"Diana," German director Oliver Hirschbiegel's biopic of the late Princess of Wales, is eagerly awaited in many quarters -- it's hard to underestimate the devotion the so-called People's Princess still inspires in millions across the globe, nearly 16 years after her death, and this is the first major feature film to take her as its principal subject. Two-time Oscar nominee Naomi Watts is filling the princess's chic shoes, and the wordless teaser trailer below promises a reasonable physical approximation.

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<p>Michael Shannon is so good at playing intense that I almost don't trust him when he smiles.</p>

Michael Shannon is so good at playing intense that I almost don't trust him when he smiles.

Credit: HitFix

Michael Shannon talks about finding something sympathetic in General Zod for 'Man of Steel'

One of our best character guys discusses his side trip into super powers

I'm not sure what I expected from Michael Shannon's take on General Zod, but I'm pretty sure it wasn't what I got.

That should not come as a shock, though. Michael Shannon has been slowly but surely cementing his reputation as an actor capable of surprising in any role, and the more work of his I see, the more convinced I am that he's one of the great character guys in film at the moment. Anyone who can play the tortured father from "Take Shelter," the shithouse-crazy ex-solder in "Bug," the hilariously irritated cop in "Premium Rush," and General Freakin' Zod, and do so without covering the same emotional ground twice, is a guy worth playing close attention to, whatever he's doing.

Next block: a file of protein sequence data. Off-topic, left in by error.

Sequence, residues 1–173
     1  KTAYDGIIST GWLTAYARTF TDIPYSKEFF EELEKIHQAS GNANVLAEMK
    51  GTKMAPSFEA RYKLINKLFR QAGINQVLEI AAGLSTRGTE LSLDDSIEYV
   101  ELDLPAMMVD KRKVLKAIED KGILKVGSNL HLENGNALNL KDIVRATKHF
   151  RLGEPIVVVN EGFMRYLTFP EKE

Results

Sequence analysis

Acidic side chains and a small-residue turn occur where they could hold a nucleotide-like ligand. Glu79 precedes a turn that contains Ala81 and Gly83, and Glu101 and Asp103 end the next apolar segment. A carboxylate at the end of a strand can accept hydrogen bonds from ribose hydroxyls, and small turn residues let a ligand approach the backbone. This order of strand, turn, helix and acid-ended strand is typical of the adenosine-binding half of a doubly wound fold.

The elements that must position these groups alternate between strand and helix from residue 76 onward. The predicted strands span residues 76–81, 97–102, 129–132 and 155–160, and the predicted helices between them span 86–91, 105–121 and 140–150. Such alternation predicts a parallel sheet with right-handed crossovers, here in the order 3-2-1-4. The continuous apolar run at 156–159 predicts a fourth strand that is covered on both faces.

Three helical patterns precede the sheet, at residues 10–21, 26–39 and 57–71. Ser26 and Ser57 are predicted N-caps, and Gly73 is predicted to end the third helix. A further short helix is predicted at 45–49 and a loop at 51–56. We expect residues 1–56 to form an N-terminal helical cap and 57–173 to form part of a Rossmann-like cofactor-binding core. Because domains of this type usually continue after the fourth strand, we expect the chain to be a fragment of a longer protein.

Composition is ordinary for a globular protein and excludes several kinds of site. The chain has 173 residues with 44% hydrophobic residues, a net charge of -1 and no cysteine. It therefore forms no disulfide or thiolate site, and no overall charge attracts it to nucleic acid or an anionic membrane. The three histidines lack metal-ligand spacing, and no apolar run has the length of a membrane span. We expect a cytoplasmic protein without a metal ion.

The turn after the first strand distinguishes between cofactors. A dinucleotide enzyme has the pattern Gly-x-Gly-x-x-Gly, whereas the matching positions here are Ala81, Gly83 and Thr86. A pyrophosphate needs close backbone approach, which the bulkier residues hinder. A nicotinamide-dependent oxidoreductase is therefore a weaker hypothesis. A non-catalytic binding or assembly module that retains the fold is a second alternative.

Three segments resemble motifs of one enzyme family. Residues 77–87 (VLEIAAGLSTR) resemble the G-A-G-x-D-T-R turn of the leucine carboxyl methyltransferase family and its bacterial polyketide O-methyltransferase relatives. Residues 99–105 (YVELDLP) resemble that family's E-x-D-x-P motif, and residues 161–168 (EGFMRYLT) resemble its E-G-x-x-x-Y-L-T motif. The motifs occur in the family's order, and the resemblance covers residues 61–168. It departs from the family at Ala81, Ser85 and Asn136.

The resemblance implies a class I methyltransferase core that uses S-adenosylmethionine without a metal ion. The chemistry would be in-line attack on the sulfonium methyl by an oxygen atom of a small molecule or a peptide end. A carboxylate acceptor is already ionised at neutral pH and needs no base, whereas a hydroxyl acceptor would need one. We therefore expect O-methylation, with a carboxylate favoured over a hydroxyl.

The great "Man Of Steel" debate appears to have kicked in, and I'm dumbfounded by some of the reviews I'm reading. I'm on the record as being a pretty passionate fan of the movie now, and I saw it again last night right around the time that review went live, and still feel just as strongly. I disagree with a lot of what I've read, and it's not even about the "like or dislike" of it, but more with the interpretation of what happens in the movie.

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<p>Michael Mann speaks at the hands and footprint ceremony for &quot;The&nbsp;Dark&nbsp;Knight Rises&quot; director (and now Legendary&nbsp;Pictures stablemate)&nbsp;Christopher Nolan in 2012.</p>

Michael Mann speaks at the hands and footprint ceremony for "The Dark Knight Rises" director (and now Legendary Pictures stablemate) Christopher Nolan in 2012.

Credit: AP Photo

Production begins on Michael Mann's cyber thriller

The film is scheduled for a 2014 release

I hate that this project doesn't have a title yet so I can give it a proper headline, but anyway, Legendary Pictures announced start of production today on Michael Mann's untitled latest feature. The director hasn't gone back to the feature film well since 2009's "Public Enemies," which was widely dismissed, but I was a fan. There was a detour into television (and some nasty brawls with David Milch, as I hear it) with HBO's short-lived "Luck," but he's getting back on the horse with a Morgan Davis Foehl-scripted cyber-theft thriller starring Chris Hemsworth and Viola Davis.

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<p>&quot;This is the End&quot;</p>

"This is the End"

Credit: Sony Pictures

Tell us what you thought of 'This is the End'

Seth Rogen and friends face the apocalypse today